That first story hurts though.

B- 

CREDITS

Writer, John Wagner; artists, Mike McMahon and Ron Smith; colorist, Ian Stead; letterer, Tom Frame; editor, Nick Landau; publisher, Eagle Comics.

Judge Dredd: The Judge Child Quest 2 (September 1984)

Judge Dredd: The Judge Child Quest #2Wagner takes Dredd and company–though the company is rather indistinct–on an intergalactic quest. They’re in pursuit of the Angel family, who have kidnapped the Judge Child. There’s not a lot on the pursuit, but rather a series of imaginative sci-fi encounters.

The first has Dredd encountering a space station where the computer has taken over. Kind of 2001 with a lot of action. Not entirely original, but it works.

The second encounter, on a planet where the humans can download their consciousness into chips to live forever (another person loans out their body for the consciousness’s usage), is the best. This section is where Dredd gets a sidekick and Wagner gets to write the most.

Since Dredd is hopping from planet to planet, it never feels episodic.

The finale has him against a living, hungry planet.

Some great art from McMahon, Bolland and Smith throughout.

Excellent stuff.

A 

CREDITS

Writer, John Wagner; artists, Mike McMahon, Brian Bolland and Ron Smith; colorist, Ian Stead; letterer, Tom Frame; editor, Nick Landau; publisher, Eagle Comics.

Judge Dredd: The Judge Child Quest 1 (August 1984)

Judge Dredd: The Judge Child Quest #1Judge Dredd heads into the Cursed Earth looking for a mutant child who’s going to have to save Mega-City One, or so one of the pre-cogs says. Writer John Wagner comes up with some decent encounters for Dredd–this issue’s primary villain is a “garbage god” who has thousands of slaves mining antiques from pre-apocalypse Memphis for him. There’s an ancient Egypt thing too; it doesn’t make much sense, but the Brian Bolland and Ron Smith are is excellent so it doesn’t need to make any.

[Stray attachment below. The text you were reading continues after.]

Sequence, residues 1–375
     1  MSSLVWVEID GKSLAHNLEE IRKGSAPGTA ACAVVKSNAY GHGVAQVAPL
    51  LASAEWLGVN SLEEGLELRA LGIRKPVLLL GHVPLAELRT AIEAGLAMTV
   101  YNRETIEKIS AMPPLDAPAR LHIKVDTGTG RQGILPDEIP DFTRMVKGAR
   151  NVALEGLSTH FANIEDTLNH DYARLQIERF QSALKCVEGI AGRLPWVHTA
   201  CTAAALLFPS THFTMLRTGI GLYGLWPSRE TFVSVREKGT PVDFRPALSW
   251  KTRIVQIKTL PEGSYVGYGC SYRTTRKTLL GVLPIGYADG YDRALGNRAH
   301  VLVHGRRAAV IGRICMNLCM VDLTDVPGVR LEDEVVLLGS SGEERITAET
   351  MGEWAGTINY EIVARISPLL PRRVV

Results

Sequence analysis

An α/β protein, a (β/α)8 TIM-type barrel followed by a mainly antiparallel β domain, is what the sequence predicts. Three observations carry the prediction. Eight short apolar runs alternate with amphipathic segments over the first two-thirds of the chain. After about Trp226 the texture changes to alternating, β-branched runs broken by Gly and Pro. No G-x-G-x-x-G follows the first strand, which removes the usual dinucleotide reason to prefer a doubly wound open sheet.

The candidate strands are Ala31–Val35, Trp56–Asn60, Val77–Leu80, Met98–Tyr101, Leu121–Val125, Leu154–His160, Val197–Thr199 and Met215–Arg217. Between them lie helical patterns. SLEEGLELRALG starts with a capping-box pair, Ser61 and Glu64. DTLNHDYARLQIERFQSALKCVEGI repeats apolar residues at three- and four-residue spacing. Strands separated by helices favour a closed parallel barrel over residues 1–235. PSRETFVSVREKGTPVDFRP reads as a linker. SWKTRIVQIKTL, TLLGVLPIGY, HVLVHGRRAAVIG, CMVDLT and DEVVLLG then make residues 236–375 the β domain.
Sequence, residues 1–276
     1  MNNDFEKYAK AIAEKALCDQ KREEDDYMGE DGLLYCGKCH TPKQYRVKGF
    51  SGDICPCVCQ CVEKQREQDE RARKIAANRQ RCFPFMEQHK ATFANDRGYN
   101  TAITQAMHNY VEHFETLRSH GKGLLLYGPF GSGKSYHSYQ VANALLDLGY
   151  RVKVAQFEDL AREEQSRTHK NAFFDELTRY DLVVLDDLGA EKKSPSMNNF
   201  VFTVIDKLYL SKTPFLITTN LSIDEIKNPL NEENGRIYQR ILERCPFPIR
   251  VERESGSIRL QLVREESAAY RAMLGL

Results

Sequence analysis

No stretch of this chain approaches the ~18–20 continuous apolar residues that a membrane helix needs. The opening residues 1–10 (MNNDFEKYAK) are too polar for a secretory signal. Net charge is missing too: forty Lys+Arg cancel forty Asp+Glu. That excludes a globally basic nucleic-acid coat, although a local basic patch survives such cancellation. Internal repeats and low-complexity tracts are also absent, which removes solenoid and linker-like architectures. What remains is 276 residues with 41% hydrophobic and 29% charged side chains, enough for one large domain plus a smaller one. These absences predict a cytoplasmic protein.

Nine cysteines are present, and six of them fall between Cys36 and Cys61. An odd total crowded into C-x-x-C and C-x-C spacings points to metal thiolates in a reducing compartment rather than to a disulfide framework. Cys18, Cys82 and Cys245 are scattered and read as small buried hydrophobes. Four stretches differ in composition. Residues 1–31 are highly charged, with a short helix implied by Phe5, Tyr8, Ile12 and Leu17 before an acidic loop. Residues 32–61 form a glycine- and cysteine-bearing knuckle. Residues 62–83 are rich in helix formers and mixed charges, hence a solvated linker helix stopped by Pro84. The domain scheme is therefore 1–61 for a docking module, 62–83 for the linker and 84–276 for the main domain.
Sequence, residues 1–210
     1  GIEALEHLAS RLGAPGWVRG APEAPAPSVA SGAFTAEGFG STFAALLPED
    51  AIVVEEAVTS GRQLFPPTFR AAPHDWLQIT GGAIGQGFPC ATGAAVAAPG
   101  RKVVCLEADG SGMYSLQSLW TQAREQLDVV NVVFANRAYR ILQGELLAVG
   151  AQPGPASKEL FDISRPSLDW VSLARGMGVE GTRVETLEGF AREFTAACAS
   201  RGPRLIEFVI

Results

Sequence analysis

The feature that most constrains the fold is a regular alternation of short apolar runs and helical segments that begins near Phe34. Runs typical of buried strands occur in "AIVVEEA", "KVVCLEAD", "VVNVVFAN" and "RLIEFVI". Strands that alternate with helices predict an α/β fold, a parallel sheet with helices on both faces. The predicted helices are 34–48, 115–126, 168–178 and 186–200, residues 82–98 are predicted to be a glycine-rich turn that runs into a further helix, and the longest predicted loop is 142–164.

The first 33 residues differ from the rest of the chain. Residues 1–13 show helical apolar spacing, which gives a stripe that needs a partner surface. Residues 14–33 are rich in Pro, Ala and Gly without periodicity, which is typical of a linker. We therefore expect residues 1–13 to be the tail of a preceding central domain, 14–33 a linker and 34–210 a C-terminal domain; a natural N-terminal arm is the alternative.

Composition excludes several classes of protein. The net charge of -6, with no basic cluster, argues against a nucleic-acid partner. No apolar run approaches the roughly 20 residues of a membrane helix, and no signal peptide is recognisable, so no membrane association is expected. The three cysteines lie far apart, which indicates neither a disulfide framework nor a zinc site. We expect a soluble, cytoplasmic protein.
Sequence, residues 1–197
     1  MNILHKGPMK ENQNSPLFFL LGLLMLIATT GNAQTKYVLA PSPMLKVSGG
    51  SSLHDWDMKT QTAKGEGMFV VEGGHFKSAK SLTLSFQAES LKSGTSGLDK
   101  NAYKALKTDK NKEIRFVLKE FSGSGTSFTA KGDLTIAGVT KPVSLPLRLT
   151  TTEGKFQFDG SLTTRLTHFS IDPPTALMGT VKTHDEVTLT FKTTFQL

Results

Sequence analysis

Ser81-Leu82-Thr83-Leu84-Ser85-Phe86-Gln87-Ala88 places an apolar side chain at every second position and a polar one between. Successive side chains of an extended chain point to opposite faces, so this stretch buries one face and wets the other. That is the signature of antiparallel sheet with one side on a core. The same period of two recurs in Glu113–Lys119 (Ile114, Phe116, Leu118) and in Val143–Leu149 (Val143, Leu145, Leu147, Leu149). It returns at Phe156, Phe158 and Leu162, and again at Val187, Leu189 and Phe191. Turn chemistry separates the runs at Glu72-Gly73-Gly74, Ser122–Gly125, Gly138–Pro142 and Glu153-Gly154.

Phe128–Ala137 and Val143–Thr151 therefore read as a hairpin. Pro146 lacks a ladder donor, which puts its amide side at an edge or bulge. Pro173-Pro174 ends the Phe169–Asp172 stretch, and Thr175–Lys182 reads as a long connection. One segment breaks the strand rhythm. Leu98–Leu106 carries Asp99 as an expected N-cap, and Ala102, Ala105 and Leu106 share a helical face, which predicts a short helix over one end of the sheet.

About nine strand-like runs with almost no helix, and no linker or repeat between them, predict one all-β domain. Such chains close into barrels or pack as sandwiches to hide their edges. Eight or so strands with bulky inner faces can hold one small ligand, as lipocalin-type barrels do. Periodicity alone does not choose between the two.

The series is more compiled entries from 2000 AD but never feels too bumpy–with Wagner so focused on Dredd trying to find the child, it’s mostly action. The biggest bump comes after the end of the Garbage God episode, with Dredd continuining his hunt into Texas.

That finale, which leads to the cliffhanger, makes the issue seem a tad bloated.

B 

CREDITS

Writer, John Wagner; artists, Brian Bolland, Ron Smith and Mike McMahon; colorist, McMahon; letterer, Tom Frame; editor, Nick Landau; publisher, Eagle Comics.

Judge Dredd 13 (November 1984)

Judge Dredd #13Wagner finishes the Chief Judge Cal storyline. There are a couple surprises before the end, with Wagner in something of a hurry. Smith doesn’t get much space on the art, which is unfortunate, but he uses the space he gets really well at times. It’s a satisfactory conclusion, but the denouement is way too abrupt.

The next story has Dredd contending with a block where people are reverting back to apes. Wagner gets a lot of good jokes in, especially with how he writes the misadventures of the affected residents. But he’s just as sympathetic when things go really bad. It’s an excellent story, with wonderful art from McMahon. He does well with the ape people in action.

The last story, with Alan Grant and Kelvin Gosnell writing, is a little obvious. Dredd is suspicious of an amusement center where people act out their violent urges.

Overall, it’s fine stuff.

B 

CREDITS

Writers, John Wagner, Alan Grant and Kelvin Gosnell; artists, Ron Smith and Mike McMahon; colorist, John Burns; letterer, Tom Frame; editor, Nick Landau; publisher, Eagle Comics.